Opinions on Trucks for Hauling
   

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Opinions on Trucks for Hauling

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  • Is tow package necessary for hauling horses
  • Safe to pull horse trailer with short bed

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    07-06-2012, 01:27 PM
  #1
Foal
Opinions on Trucks for Hauling

Hi I am looking at purchasing an F-150 2005 6 1/2 foot bed. The motor is a Triton V8 and the truck is a 4x4. The size bed needed for a gooseneck is an 8 foot one correct? What size trailer and how many horses can and would I be able to pull? Thanks!
     
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    07-06-2012, 01:37 PM
  #2
Showing
I don't think you'll be able to pull a gooseneck with that truck and that engine. I'm having the same problem--I have a half ton Ram with a 5.7 liter Hemi and can't tow a gooseneck without causing problems because it's not a 3/4 or 1 ton truck. To be sure, you'll have to look at the towing capacity for the specific truck.

Many people do pull goosenecks with short beds, however, so you don't necessarily need an 8 ft bed.
     
    07-06-2012, 01:41 PM
  #3
Trained
Don't get anything less than a 3/4 ton, many reasons. Here where I live it's illegal, you'd get DOT'ed & pulled off the road. It's for your own safety & others on the highway.
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    07-06-2012, 01:56 PM
  #4
Foal
Where I live it isnt illegal and was just curious about the GN but will be going with a Bumper Pull. Just curious how is it dangerous to other people to pull a trailer with a 1/2 ton truck?
     
    07-06-2012, 02:39 PM
  #5
Green Broke
With a small truck you will not have trouble moving forward. When people advise against using a small truck, forward isn't the problem. Stopping and turning and regaining control are the problems. Not to mention the wear on your truck, but people are more concerned about you being able to stop properly instead of you trailer spinning around and hauling the truck :)

Definitely look at the tow capacity. If it doesn't have the factory tow package, don't even bother checking and just move on. With the tow package you might be okay for a 2 horse. I think the 2005 model with the tow package can tow like 9k pounds but do not take my word for it! Triple check!

It's better to have "too much" truck than not enough.
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    07-06-2012, 02:46 PM
  #6
Foal
Understandable with the stopping but a person experienced in driving is not the danger of a person who is just learning how to drive lol. The trailer and truck would both have a electric brakes and you are right about the towing package. Would pass if it doesnt have one.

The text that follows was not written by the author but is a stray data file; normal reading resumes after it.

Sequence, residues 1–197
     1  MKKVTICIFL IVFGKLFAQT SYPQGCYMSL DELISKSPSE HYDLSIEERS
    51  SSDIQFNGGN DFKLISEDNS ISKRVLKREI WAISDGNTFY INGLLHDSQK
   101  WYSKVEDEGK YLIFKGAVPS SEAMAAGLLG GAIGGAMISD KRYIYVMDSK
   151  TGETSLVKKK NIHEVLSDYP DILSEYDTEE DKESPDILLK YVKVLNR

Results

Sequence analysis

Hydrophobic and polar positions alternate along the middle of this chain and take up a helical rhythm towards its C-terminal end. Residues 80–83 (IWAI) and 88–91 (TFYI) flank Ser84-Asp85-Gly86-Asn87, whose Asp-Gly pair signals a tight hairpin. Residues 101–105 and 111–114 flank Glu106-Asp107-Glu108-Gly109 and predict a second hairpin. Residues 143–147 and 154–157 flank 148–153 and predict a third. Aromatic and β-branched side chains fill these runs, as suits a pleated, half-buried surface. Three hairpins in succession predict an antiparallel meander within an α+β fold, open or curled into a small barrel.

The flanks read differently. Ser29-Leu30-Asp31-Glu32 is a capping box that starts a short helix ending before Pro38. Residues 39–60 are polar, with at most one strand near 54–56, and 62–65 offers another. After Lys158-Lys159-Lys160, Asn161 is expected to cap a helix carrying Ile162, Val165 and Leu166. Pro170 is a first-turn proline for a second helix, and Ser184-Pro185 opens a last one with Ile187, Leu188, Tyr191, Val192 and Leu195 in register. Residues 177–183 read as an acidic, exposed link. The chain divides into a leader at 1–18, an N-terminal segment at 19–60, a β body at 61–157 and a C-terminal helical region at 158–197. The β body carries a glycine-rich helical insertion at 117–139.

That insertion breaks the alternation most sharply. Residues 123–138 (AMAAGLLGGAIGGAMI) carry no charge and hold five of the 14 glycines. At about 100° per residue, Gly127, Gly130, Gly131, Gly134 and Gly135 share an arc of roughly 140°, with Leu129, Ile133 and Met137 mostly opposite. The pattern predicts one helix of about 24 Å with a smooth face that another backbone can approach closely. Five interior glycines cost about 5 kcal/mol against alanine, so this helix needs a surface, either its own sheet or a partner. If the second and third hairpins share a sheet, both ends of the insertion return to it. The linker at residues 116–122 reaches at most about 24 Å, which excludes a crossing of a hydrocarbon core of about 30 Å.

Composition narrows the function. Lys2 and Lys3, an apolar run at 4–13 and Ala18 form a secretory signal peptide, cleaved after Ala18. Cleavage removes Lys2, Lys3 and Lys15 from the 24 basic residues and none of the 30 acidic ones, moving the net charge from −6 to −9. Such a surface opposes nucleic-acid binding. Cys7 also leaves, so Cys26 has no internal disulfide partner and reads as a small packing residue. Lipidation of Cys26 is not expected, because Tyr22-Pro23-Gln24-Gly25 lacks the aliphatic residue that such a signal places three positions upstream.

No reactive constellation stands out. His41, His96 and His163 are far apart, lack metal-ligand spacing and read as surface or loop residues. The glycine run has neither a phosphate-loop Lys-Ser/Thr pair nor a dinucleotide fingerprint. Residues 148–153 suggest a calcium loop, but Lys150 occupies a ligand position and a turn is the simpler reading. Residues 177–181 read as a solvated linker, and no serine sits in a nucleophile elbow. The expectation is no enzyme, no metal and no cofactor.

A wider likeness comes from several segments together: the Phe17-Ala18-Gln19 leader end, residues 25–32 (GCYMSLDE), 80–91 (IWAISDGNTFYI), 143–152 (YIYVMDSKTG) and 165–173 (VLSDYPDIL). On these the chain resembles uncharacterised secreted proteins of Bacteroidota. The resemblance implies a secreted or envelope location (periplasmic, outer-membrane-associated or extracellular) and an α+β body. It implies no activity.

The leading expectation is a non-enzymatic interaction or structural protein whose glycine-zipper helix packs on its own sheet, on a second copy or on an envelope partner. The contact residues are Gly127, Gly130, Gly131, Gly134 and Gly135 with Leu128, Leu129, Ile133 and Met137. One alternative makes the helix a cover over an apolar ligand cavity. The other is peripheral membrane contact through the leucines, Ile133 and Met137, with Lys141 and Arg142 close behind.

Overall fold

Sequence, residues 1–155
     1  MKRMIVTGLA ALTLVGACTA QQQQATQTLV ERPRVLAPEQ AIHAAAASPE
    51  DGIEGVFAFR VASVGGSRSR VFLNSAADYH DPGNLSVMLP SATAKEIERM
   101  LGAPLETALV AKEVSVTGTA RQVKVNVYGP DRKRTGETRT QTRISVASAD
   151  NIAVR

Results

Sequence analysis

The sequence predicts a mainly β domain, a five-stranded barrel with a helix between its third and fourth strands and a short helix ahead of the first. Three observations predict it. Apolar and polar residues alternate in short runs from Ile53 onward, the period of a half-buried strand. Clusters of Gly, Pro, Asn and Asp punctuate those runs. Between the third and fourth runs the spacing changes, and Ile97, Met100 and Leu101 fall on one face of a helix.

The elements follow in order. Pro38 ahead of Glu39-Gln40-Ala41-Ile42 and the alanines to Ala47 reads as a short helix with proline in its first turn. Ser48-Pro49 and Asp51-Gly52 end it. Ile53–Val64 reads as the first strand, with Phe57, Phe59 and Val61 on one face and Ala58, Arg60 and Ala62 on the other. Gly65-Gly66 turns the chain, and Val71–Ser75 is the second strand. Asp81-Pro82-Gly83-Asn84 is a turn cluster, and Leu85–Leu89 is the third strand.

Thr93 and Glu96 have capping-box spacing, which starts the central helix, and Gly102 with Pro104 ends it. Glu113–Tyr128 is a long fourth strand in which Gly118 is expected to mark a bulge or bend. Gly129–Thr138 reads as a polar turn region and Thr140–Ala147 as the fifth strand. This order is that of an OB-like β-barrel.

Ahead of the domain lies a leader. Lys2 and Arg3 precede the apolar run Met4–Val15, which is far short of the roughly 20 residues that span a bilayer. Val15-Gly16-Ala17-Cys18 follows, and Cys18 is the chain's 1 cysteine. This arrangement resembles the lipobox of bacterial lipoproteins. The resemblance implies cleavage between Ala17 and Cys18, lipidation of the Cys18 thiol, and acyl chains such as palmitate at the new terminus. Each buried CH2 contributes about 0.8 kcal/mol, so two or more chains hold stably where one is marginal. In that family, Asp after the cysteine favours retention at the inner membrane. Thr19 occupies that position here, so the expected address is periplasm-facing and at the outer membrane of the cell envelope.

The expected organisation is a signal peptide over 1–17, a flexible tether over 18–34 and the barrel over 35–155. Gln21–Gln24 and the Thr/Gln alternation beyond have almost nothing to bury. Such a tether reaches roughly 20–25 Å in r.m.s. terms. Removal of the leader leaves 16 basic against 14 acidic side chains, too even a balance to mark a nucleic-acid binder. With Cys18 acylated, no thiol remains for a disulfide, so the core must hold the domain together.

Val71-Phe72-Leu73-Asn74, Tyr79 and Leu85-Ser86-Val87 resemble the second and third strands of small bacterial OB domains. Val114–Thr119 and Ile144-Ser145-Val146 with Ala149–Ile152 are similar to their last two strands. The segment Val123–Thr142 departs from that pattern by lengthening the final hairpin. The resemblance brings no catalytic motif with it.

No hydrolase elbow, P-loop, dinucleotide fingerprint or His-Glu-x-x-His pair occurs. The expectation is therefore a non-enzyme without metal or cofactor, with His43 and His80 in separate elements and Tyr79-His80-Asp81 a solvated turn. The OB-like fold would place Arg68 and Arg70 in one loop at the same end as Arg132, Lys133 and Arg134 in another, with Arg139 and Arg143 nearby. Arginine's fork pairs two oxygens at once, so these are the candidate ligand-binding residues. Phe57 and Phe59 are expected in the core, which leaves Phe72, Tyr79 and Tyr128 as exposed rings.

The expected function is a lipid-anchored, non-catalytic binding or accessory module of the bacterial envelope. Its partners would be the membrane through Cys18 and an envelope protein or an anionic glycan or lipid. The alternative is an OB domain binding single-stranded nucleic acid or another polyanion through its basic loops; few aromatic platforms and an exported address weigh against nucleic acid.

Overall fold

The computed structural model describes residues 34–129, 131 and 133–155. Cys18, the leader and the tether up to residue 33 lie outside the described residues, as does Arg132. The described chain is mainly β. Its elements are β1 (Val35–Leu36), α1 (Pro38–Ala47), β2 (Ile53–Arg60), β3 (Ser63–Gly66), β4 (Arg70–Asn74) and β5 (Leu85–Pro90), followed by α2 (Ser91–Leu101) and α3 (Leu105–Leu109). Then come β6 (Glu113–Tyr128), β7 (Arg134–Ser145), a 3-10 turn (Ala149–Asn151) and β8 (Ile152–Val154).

07-06-2012, 03:23 PM
  #7
Green Broke
Agree with the above... I had an incident where the big truck had hay stacked in it and in a hurry hooked the trailer to the 1/2 ton. It had a brake controller in it as well. Driving through town a lil ol lady pulled out in front of me. I was unable to get the truck and trailer stopped and T-boned her. No one including the horses were hurt. But have I had the 1 ton rather than the 1/2 ton I could of avoided hitting her.

Much better off getting at least a 3/4 ton pickup. And depending on the neck length and shape of the nose as to whether you can use a short bed for a gooseneck. I know folks that do, but I prefer a longbed.
     
    07-06-2012, 04:56 PM
  #8
Super Moderator
.

There a lot of things to consider:

Distance you are towing
Terrain, hilly of flat
Aluminum or Steel Trailer
Trailer Brakes
Number of Horses

Although I would recommend a 3/4 for any type of pulling, we have successfully pulled a basic 2 Horse Bumper Pull Trailer for many, many years.
It had Trailer Brakes which is essential in my opinion on any Trailer Total Loaded weight over 2,500 lbs. And is the Law in many States, some require it as low as 2,000 lbs.

We also had a 3/4 ton with a 6' bed, which pulled a 4 Horse Trailer, it worked because we went short distance, would have preffered a diesel engine for longer distance and the hills...lol..


.
     
    07-06-2012, 05:09 PM
  #9
Green Broke
Bigger IS better. Especially hauling horses. You might be able to get away with hauling with a smaller truck, just depends on how much you want to risk. Bigger trucks have better brakes, transmissions, suspensions, and so on. Theyre meant to haul better. Just because you truck can haul up to a certain number, that doesn't mean you can haul maximum amount all the time.
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    07-06-2012, 08:00 PM
  #10
Green Broke
It's everything stated plus one more big reason. 3/4 and 1 ton pickups have full floating rear axle, that hub you see sticking out the center of the wheel. 1/2 tons have a C clip rear end. The difference? If you break an axle with a C clip rear end your wheel and broken axle can exit the axle housing, typically your truck and trailer will end up in a wad of bent/twisted steel. With a full floating axle you just lose forward drive, gentle braking will bring you to a stop in one piece.

One precaution for 3/4 tons, every once in a while manufactures come out with a light duty 3/4 ton. What they really are is a heavy duty half ton and not a true 3/4 ton. Not a lot of them out there from what I've seen because they never sell well.
     

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